Increasingly, fine art galleries and museums have devoted shows to craft-based artists including Ruth Asawa, Faith Ringgold and Doyle Lane, while fashion magazines celebrated the Gee’s Bend quilters. It’s all part of an effort to diversify the art world through the addition of craft, “because that’s where women and people of color have traditionally been able to create,” said Glenn Adamson, a curator and the author of “Craft: An American History.”
But the pandemic has supercharged the popularity of craft — or maybe just reminded us of its emotional and practical necessity, not to mention deep roots, in American life. As Mr. Adamson writes in his book, the first 13 registered taxpayers of Allentown, Pa., in 1762, included two carpenters, two tailors, a smith and a wagon maker.
And the qualities that craft teaches — resourcefulness, resilience, flexibility — were much needed in a year filled with so much uncertainty and loss, and with the political and social turmoil of the election and the protests for racial justice after the murder of George Floyd.
Michele Tuegel, a paper artist and former arts administrator in St. Petersburg, Fla., was one American who took out her Sears Kenmore sewing machine for the first time in a decade — it was her high school graduation present in 1970 — and watched a couple of YouTube videos before getting to work.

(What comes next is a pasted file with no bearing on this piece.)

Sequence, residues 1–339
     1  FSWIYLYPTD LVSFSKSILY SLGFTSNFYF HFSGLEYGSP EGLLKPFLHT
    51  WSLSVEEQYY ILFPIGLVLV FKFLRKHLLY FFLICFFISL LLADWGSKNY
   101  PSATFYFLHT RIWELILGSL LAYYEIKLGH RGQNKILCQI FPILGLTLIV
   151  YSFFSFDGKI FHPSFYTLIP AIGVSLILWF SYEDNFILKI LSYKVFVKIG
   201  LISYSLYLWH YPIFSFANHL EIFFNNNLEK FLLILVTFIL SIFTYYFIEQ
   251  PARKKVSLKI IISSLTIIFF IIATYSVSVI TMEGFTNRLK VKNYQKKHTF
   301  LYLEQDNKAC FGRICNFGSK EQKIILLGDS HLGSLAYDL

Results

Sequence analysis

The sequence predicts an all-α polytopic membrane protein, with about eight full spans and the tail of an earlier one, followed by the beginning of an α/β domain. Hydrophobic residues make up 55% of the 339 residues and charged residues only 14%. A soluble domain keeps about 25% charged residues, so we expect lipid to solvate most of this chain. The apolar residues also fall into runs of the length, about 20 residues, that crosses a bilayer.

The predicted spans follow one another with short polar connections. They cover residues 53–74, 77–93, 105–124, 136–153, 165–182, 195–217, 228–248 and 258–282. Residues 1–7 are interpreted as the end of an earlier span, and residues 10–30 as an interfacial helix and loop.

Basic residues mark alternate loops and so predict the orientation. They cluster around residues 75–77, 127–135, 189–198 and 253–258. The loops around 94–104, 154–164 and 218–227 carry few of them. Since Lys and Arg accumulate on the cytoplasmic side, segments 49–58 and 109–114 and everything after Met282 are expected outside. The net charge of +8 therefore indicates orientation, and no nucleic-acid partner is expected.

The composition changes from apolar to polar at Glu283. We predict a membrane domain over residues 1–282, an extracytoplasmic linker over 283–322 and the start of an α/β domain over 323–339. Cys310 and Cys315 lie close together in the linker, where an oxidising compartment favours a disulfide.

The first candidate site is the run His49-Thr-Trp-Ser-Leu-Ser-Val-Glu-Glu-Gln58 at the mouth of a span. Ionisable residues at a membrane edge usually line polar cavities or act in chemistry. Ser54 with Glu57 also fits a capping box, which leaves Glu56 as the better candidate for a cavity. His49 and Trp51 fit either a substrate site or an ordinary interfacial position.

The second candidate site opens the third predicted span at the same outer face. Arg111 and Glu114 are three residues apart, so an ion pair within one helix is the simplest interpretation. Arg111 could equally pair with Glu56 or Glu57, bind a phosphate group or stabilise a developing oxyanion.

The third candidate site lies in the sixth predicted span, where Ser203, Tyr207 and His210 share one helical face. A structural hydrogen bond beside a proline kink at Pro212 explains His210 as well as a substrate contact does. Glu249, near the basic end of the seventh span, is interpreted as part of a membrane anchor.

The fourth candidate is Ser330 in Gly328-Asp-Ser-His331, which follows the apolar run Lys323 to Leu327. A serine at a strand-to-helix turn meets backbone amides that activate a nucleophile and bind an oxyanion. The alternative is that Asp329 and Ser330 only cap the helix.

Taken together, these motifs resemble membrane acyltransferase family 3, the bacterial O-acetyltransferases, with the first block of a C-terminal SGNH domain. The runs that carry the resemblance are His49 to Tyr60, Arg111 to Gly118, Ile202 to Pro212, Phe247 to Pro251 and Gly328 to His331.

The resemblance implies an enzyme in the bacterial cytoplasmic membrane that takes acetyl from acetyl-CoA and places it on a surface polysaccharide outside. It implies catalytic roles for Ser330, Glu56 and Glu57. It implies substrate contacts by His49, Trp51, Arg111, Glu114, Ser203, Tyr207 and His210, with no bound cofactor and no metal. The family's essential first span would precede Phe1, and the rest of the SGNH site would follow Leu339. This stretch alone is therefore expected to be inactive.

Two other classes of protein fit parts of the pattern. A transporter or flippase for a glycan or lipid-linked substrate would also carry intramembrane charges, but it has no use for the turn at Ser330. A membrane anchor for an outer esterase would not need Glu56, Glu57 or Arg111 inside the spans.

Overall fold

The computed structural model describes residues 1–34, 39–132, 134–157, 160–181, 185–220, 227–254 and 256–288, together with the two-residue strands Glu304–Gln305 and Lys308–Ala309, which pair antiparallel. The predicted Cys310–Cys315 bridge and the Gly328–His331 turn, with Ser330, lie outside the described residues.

At first, Ms. Tuegel said, she was responding to the need of a friend, a nurse who called in near tears saying her hospital had no P.P.E. But a year later, Ms. Tuegel is still at her dining room table, having so far made, by her precise count, 1,620 masks. She donates them to family members, friends, the workers at a local food bank, and sells them at an art gallery for charity.
“It’s given me purpose,” Ms. Tuegel said. “It’s given me a calmness. It’s made me mentally get through this without depression. I feel like I’m donating my time and resources to the good of other people, to the good of the community.”
For Kim Russo, who makes her living as a yarn dyer, the community she wanted to help was her own. With the lockdowns, she worried about the future of yarn stores, which depend on foot traffic. She also saw her personal income take a hit when the craft shows she usually traveled to throughout the year canceled in-person attendance.
Ms. Russo, 47, created a project to make limited-edition colorways, like “Clay Earth,” an earthy peach tonal with strikes of dark gray and green, or “Bloom Where You’re Planted,” a gentle gray that pays homage to a blooming meadow, making them available to buy each month only from select yarn stores.
It drives online business to the stores, and gives fiber artists something to look forward to. “There’s a sense of connection in the yarn community that’s very strong,” said Ms. Russo, who lives in northern Virginia. “We all want to do what we can to help. This is what I can do.”
For Ebitenyefa Baralaye, a Nigerian-American ceramist, sculptor and teacher at the College for Creative Studies in Detroit, the pandemic had a very personal, profound effect on his work. His father died from Covid-19 last April.
“As an artist, I’ve never had to process the death of a parent,” Mr. Baralaye, 36, said. “And as a teacher, I was trying to encourage my students to keep making. I was in this tornado, this whirlwind.”